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Banded Ground  Cuckoo 
(Neomorphus  radiolosus)

San Jorge de Milpe Orchid & Bird Reserve (TROPICAL RAINFOREST) Ecuador

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Banded Ground-Cuckoo sighting at Magic Birding Circuit, Ecuador

By:  Cheryl Korowotny

The Magic Birding Circuit is famous for its bird life with over 1,700 species, but imagine the thrilling amazement when birding guide Dr. Jorge Cruz with birders Ken and Susy Goodier, Chuck and Nancy Williams and Bill and Lena Proebsting spotted the Banded Ground-Cuckoo (Neomorphus radiolosus).  Two of these birds have been recently sighted (February 2011) and confirmed on the property of San Jorge Eco-Lodges & Botanical Reserves at San Jorge de Milpe Orchid & Bird Reserve.  This species of cuckoo is in the Cuculidae family and found in the Choco of western Colombia and Ecuador. 

This is the first hand reporting on finding the Banded Ground-Cuckoo as told by Dr. Jorge Cruz, owner of San Jorge Eco-Lodges & Botanical Reserves of Ecuador.  “I was guiding our birding group and we spotted the Banded Ground-Cuckoo near the lodge, eating ants. I had received several reports from our local guide, Camilo, the bird had appeared very swiftly a few weeks ago. This time the bird seemed more confident and decided to leave the lush forest and show up near the lodge. There are at least two of them which were viewed. They were found mixed in a flock of Antbirds, Woodcreepers and some Antwrens all looking for the huge group of ants in this magical forest. The birds also scourer foliage, stems and tree-trunks and catch prey such as grasshoppers disturbed by army ants. These Cuckoo’s live at San Jorge de Milpe Orchid & Bird Reserve, with many other rare birds, along with the Crimson-bellied Woodpecker, the Plumbeous and Semi-collared Hawks, the Long-wattled Umbrella birds, Indigo crowned Quail Doves, the Golden-winged, Club-winged, White-bearded Manikins and Glistening-green Tanager.”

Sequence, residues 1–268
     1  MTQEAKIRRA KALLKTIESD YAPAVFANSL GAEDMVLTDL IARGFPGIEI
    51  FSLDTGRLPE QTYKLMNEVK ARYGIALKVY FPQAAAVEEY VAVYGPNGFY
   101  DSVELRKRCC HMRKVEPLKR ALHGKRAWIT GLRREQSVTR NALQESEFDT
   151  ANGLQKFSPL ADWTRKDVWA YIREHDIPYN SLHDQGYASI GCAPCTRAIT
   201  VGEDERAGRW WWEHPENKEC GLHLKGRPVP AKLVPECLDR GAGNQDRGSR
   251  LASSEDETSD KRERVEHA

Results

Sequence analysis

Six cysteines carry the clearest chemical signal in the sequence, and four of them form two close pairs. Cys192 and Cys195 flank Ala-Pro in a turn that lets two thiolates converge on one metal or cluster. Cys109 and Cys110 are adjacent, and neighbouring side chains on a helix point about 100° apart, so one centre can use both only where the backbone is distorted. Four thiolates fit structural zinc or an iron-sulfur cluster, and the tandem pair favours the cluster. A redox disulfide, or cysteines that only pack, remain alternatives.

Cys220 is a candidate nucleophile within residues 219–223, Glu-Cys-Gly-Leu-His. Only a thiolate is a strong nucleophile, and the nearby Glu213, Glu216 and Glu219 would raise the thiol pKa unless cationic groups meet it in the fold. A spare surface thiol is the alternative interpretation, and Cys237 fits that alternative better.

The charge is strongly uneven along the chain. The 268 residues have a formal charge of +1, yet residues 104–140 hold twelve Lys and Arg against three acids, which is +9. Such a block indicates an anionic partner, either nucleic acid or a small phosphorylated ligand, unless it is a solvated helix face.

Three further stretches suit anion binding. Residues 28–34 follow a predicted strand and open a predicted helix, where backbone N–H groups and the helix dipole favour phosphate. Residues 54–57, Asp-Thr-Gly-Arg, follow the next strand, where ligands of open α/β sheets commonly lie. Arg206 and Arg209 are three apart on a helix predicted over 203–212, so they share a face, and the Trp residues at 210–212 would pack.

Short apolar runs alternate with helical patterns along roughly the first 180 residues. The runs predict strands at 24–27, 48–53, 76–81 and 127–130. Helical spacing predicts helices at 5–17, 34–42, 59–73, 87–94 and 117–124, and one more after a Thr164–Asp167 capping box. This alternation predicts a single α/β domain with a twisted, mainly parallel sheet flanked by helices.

The Banded Ground-Cuckoo is famous for just how difficult they are to see, some of them almost never encountered in life.  Part of the problem is that the species depends on primary forests, which are rapidly disappearing or becoming degraded. Banded Ground-Cuckoo is included in the art book: "The Fifty Rarest Birds of the World". According to BirdLife International, “This species occurs at very low population densities and is often absent even from seemingly appropriate habitat; overall it is considered to have a very small and fragmented population that is isolated in small subpopulations. In most of its range, habitat loss and degradation are proceeding rapidly, indicating that there are significant and ongoing declines in range and population. Locally it is opportunistically hunted for food. This combination of factors has led to its uplisting to Endangered.

According to other found articles, “Ground-Cuckoos are an extremely interesting, much desired group of birds, whether you are talking of the Asian species or the Neomorphus species in the Neotropics. This is for two main reasons – they are all attractive, striking birds and all of them are downright difficult to see, some of them almost never being encountered in life. The Banded Ground-Cuckoo falls into this latter category: It has for many years been one of the hardest and least seen of all the endemic birds of the Chocó region (this region encompasses northwest Ecuador and western Colombia).”